China & ASEAN: New Avenues of Cooperation and Competition

China Monitor - Issue 20 - Jul-2007July 2007 – Issue 20

In the late 1990’s, a serious debate was gripping the Southeast Asian region. It was over the impact China’s economic rise would have on the economies of the Association of Southeast Asian Nations (ASEAN), not too dissimilar to the debates that are raging amongst Africans and international observes of China’s commercial engagement of the African continent.

Former Singaporean Prime Minister, Goh Chok Tong said in 1998 that China was simultaneously the greatest competitive challenge and economic opportunity for Singapore. Ten years later, the region has successfully positioned itself vis-à-vis China – engaging Chinese business rather than protecting against it. Singapore has arguably been the most successful economy in the region to embrace the Chinese growth phenomenon. Thailand and Malaysia are not far behind. And their manufacturing industries are booming – over one third of Singapore’s GDP is from its manufacturing sector. Who says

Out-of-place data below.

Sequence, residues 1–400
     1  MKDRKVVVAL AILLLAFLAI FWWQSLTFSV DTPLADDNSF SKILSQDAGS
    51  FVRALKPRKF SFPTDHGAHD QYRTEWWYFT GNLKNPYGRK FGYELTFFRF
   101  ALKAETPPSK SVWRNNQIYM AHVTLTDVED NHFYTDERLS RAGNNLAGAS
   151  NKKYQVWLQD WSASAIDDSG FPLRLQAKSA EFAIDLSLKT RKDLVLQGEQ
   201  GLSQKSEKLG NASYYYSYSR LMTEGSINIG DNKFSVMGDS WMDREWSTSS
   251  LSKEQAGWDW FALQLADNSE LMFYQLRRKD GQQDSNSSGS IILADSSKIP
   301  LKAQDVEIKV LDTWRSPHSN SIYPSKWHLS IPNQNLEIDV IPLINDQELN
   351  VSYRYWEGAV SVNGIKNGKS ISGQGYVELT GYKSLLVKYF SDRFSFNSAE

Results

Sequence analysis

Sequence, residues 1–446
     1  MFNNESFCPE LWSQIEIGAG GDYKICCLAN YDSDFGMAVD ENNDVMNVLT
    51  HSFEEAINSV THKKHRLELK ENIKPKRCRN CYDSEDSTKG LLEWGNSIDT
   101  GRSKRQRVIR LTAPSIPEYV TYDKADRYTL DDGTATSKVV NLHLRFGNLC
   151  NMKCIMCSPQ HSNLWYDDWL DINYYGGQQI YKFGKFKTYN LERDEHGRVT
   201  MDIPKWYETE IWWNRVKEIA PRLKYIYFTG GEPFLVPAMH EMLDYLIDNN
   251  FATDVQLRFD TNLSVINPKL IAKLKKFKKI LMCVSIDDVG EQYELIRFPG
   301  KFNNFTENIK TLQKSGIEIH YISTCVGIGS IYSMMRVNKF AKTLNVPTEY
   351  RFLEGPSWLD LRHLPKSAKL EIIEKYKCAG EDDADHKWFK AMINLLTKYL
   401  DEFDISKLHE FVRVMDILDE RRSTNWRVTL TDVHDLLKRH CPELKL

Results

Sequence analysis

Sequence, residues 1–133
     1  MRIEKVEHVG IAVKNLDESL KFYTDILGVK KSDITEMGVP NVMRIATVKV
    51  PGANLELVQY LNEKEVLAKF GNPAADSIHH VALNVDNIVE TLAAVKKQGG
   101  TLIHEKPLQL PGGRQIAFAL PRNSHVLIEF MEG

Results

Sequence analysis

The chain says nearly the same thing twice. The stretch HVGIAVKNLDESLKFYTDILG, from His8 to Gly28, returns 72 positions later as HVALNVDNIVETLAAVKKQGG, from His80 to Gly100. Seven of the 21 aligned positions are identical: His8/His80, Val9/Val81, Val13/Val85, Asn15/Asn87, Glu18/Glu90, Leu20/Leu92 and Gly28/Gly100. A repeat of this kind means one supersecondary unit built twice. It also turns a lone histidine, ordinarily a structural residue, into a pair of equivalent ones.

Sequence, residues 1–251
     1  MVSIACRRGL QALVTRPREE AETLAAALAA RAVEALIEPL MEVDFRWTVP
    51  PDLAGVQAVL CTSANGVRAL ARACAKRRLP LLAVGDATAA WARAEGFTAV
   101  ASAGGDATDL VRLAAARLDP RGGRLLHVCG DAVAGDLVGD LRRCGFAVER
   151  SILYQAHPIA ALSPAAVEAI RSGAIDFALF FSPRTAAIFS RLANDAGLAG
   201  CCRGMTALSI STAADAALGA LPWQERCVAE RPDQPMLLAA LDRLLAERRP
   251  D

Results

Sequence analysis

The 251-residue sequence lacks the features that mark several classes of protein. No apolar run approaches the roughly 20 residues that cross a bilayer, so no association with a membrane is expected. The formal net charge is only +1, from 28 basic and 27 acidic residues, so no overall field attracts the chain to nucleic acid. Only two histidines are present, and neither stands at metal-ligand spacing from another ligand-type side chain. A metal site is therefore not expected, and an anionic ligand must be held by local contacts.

China will dominate global manufacturing?

Southeast Asia no longer enjoys the double digit economic growth rates of the early to mid-nineties. But its current strong growth – albeit lesser than before – is sustainable and is due to demand from China. African economies are facing the same issues that Southeast Asia did a decade ago. Will Africans choose to engage Chinese competition or protect against it?

Download PDF – China Monitor – Issue 20 – Jul 2007